You must be exceptionally resourceful and exceedingly self-motivated; because, I’m not going to provide the databases – you have to source them, though I’ll pay to acquire them for you – once you do.
This is either a turn on OR turn OFF!
I tried attracting pure performance based people six months ago from my list and got 100 people, most who were either flakes, misrepresented their abilities or just plain were “play acting” at making big things happen.
I wasted tens of thousands of dollars trying to nurture these “inauthentic actors” and worse, I wasted HUGE opportunity cost in the time and energy I had my team devote to people who did not perform!
So I’m offering to write a check every month to give you a very comfortable base.
I’m offering to lay out opportunities EACH potentially worth tens or even hundreds of thousands of dollars in profit shares to you.
I’m offering the ability to interact, learn and develop unimaginable deal-making abilities to add to your current impressive skill sets.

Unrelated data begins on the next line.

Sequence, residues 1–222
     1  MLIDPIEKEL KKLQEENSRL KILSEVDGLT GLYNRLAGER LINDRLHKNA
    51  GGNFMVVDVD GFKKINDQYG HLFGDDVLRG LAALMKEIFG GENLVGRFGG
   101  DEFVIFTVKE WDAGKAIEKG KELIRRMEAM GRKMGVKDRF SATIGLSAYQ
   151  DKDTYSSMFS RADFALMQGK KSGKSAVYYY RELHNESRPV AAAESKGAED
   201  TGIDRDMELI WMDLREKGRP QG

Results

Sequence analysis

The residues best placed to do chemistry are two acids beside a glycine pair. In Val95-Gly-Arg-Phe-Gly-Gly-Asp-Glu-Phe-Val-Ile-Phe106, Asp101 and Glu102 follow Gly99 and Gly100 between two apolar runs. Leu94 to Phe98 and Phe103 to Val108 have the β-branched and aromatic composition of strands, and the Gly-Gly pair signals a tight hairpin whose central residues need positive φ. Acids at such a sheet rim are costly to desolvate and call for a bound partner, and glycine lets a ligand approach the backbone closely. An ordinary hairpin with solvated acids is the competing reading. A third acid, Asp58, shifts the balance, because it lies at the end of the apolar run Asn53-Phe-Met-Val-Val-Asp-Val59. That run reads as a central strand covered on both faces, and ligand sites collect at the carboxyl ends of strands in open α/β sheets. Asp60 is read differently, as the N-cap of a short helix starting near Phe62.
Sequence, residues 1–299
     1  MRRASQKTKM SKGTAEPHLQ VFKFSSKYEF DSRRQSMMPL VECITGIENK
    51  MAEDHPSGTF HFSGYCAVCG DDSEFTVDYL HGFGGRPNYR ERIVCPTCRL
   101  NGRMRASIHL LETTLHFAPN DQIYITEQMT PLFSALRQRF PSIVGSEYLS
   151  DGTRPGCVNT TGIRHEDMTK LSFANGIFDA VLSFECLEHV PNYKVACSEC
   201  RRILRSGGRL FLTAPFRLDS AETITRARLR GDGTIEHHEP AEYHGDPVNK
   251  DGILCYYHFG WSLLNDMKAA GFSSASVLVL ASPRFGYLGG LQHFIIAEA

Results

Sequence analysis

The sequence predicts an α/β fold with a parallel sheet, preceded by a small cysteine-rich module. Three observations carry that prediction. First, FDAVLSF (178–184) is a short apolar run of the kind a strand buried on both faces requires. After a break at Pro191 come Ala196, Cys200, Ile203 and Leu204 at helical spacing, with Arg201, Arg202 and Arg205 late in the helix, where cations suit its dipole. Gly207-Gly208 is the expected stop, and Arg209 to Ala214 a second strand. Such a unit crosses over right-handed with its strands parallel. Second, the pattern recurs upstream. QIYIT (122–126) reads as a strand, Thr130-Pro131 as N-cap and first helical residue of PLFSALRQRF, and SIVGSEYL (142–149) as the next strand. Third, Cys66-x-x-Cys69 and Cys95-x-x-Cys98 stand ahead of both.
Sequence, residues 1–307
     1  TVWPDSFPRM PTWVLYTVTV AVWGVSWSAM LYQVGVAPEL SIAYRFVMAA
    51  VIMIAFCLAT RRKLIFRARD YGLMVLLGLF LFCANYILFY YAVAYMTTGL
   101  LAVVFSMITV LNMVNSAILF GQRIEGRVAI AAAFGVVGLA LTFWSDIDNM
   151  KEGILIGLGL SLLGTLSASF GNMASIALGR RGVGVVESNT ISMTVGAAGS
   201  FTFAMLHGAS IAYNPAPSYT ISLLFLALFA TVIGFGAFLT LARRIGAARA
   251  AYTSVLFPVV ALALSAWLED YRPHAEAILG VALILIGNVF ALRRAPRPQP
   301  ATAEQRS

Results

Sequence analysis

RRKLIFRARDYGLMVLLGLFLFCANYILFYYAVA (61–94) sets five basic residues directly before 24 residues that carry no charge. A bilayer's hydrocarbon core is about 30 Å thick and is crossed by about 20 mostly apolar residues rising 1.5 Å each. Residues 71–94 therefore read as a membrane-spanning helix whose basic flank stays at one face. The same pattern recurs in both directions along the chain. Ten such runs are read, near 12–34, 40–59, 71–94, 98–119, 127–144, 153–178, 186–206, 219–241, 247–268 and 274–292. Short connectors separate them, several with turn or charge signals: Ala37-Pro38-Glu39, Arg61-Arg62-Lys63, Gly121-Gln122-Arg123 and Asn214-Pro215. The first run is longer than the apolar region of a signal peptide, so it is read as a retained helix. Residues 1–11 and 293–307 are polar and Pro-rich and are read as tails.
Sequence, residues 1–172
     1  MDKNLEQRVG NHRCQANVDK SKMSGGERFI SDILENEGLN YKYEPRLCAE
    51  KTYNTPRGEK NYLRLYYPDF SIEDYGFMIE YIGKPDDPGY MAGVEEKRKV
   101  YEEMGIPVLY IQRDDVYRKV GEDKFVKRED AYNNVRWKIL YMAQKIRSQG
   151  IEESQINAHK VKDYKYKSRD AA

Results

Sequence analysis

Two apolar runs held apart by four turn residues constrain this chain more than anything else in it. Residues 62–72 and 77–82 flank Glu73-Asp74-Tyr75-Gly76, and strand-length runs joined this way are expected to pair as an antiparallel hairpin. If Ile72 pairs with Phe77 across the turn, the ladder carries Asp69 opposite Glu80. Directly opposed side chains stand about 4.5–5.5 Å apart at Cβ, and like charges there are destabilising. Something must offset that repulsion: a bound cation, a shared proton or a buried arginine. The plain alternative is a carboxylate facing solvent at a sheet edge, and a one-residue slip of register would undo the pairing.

But I WILL NOT waste my time or energy on ANYONE replying who is either NOT well-suited or who cannot produce verification they satisfy my rigid criteria.
If I hate anything it’s people who waste my, my team, or sales staff’s time or opportunity cost.
So please DO NOT do that to me.
Anyone unqualified who does waste my time will be immediately and permanently removed from my database!
Most of the companies I work with have been built on the passion and drive of a charismatic founder. The sales “process” was simply to free up as much of the founder’s time to spend with prospects and watch them magically convert.
But they quickly realize that if all sales has to go through them it puts a lid on company growth. So, they start building a sales team, but I have seen many make this mistake: they hire people for sales and…
There are many versions of the “And”
Sales and marketing
Sales and social media
Sales and design
Sales and fulfillment
They’re still hiring as if they’re the small, scrappy startup, asking their people to play multiple roles.
There’s just one problem: building a sales team for the first time is hard work. If you don’t do it the right way – by documenting a clear sales process, identifying your ideal customer, laying out the expected daily activity, painting a clear picture of success, managing and coaching – the first sales people you hire will struggle.